Archive Civic Polity E.J. Hutchinson Natural Law Philosophy Reformed Irenicism

Natural Knowledge Still Requires Teaching

If one holds to some version of natural law or a natural knowledge of the virtuous and the vicious, it might seem to imply that nothing else is required for virtuous action. I mean, we all know what “the good” is, right? Well, yes and no. Affirming that everyone knows the distinction between right and […]

Archive Authors Civic Polity E.J. Hutchinson Natural Law Nota Bene

Religion a Part of Justice

We haven’t had a Hemmingsen post in a while, and I know how it has made you pine. Fret not; I’m here for you. In their discussion of the virtues, the magisterial Reformers followed the classical tradition in considering religion to fall under the category of, or to be a part of, justice, which can […]

Archive Civic Polity Economics Natural Law Steven Wedgeworth

John Calvin on the Use of Goods and Money

Some of our friends are arguing about Capitalism and Marxism, so I thought we would do what we usually do– turn to the archives! What did the stuffy dead guys say about this? That’s a big task, though (and one that we have been doing piece by piece over time), and so, true to form, […]

Archive Authors E.J. Hutchinson Early Church Fathers Natural Law Nota Bene

Augustine on Law

Augustine was not a legal positivist, which is to say, he knew that human laws and customs could not be ultimate. If they are out of accord with a higher law (viz. natural law or divine law), they are not truly binding because not truly just. The opposite of this position, of course, is the […]

Andrew Fulford Archive Authors Civic Polity Natural Law Nota Bene

Feser on Punishment

Dr. Feser has been writing on the doctrine of hell and punishment these days. I wanted to highlight some very useful arguments he makes connecting punishment to natural law. He says in his recent post, “Does God damn you?“: Now, given what has been said, happiness – which is, again, the realization of the ends […]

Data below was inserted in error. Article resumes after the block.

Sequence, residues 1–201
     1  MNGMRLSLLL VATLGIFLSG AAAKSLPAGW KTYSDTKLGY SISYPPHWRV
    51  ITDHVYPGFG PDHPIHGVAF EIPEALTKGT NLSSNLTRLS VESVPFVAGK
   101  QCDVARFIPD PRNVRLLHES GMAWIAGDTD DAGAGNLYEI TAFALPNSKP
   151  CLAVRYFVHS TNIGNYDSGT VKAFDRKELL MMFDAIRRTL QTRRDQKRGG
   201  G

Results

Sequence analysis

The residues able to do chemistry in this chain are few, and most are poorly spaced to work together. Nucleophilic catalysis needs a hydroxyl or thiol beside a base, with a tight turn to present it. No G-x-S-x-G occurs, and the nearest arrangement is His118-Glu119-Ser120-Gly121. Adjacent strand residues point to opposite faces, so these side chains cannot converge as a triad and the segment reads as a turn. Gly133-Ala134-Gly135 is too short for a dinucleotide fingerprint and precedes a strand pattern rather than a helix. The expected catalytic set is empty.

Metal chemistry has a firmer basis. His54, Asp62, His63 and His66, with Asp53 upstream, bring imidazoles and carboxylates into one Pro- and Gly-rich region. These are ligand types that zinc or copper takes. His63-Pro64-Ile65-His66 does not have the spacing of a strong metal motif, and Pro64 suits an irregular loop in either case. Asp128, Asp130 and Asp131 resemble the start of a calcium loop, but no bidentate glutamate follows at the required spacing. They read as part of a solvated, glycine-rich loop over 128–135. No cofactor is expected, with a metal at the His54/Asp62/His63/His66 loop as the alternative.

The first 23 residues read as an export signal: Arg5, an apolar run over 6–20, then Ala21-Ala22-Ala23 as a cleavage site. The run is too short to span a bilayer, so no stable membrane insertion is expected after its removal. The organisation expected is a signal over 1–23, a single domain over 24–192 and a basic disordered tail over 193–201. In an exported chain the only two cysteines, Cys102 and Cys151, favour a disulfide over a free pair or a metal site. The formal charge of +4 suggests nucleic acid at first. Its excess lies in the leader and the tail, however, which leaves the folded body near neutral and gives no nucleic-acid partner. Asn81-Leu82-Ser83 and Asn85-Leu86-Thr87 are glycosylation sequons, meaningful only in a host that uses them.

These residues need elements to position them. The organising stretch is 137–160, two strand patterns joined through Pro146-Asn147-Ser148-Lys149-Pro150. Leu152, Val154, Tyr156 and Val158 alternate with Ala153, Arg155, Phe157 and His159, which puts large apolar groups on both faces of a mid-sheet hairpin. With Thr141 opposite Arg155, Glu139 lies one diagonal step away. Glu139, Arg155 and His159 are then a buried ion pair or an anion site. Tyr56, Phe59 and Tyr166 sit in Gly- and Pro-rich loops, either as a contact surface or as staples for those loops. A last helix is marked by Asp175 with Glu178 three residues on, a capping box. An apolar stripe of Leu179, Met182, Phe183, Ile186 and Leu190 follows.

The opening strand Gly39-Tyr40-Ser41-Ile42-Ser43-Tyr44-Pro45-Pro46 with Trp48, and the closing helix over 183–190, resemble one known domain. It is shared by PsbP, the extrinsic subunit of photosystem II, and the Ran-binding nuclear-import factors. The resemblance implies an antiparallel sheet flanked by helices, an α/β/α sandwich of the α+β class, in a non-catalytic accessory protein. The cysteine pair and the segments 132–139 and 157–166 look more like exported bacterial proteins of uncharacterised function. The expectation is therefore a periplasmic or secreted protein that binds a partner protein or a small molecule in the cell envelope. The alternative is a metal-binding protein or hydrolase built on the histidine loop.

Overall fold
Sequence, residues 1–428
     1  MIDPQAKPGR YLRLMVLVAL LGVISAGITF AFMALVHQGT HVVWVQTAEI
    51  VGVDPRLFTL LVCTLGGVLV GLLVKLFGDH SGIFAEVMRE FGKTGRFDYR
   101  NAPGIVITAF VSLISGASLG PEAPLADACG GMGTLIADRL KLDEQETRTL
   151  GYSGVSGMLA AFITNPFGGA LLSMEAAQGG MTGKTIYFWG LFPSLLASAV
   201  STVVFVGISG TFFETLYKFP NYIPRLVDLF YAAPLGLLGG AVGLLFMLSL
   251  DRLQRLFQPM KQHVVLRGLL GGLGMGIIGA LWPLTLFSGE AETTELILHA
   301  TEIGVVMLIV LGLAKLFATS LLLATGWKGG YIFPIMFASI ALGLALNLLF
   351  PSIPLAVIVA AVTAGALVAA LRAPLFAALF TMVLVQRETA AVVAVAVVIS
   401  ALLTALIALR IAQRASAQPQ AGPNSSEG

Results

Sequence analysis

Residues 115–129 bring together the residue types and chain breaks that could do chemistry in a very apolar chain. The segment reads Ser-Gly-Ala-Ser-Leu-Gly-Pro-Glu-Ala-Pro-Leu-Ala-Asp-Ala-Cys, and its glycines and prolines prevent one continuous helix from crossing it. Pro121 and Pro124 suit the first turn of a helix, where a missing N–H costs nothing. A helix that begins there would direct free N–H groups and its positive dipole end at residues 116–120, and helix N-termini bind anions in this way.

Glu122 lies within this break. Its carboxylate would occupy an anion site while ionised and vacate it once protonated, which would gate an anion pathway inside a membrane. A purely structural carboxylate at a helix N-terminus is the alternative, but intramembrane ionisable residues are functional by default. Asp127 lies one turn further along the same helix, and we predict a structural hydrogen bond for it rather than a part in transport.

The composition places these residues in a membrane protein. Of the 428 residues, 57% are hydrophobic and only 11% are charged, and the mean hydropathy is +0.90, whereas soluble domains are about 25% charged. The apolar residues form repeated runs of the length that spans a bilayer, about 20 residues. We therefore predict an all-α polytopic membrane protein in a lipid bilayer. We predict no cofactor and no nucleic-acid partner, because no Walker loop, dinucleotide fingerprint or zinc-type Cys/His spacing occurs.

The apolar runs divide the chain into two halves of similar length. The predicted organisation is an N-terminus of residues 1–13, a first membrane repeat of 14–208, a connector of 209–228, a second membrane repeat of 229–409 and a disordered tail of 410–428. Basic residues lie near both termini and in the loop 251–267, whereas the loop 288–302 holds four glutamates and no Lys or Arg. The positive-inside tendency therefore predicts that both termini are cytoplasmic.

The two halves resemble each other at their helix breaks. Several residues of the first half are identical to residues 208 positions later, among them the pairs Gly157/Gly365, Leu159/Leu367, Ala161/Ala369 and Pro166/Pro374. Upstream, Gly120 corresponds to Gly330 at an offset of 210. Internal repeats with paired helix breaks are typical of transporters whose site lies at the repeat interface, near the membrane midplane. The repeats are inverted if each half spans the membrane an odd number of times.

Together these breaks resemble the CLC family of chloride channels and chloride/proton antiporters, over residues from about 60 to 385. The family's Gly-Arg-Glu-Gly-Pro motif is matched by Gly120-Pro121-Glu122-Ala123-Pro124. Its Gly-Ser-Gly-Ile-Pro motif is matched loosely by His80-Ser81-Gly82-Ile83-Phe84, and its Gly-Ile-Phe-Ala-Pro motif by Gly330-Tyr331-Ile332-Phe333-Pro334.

Archive Authors Civic Polity E.J. Hutchinson Ecclesiastical Polity Natural Law Nota Bene The Two Kingdoms

Moral Law and Magisterial Design in Romans 13

It is well known that the Magisterial Reformers treated the Decalogue as a summary of the moral law, that is, as teaching the precepts of the law of nature. In that way, “divine law”–the moral law as revealed–was to serve as a standard for public life in concord with natural law, since the two are […]

Alastair Roberts Archive E.J. Hutchinson Natural Law Philosophy Reformed Irenicism The Natural Family

Men, Women, and the Nature of Christian Teaching: Two Responses to Aimee Byrd

Since our founding, TCI has been committed to affirming the natural family and varieties of “household economics” as essential components to any sort of Christian political vision.  Given the confusions of our day, this has required us to interact with both the push for modern egalitarianism and the reactionary “recovery” movements that have arisen to […]

Alastair Roberts Archive The Natural Family

Natural Complementarians: Men, Women, and the Way Things Are

A striking feature of modern Christian gender debates is how extensively the tenets of social constructivism have unwittingly been imbibed, by the very people who might claim to be its staunch opponents. Even in arguments from the most conservative quarters, there is a remarkable forgetfulness or neglect of nature, a willingness to forfeit our claim […]

Archive Natural Law Simon Kennedy

Sir Edward Coke on the Natural Law

Sir Edward Coke (1552-1634) was an eminent English jurist. The excerpt below comes from a famous report of Calvin’s Case (1608). Robert Calvin was a Scottish born freeholder who inherited land in England. His right to inherit was challenged on the grounds that he was not a natural born Englishman, but a Scot. The historical context […]

Archive Civic Polity Economics Reformed Irenicism Steven Wedgeworth

Law, Charity, and Politics

I appreciated Andrew Fulford’s recent essay on the relationship between the classic Protestant understanding of supererogatory works and civil polity. He gets down to the basic theological and philosophical distinctions that the older Protestant thinkers made regarding law, justice, charity, and the political life of the commonwealth. However, I was left feeling that Mr. Fulford had […]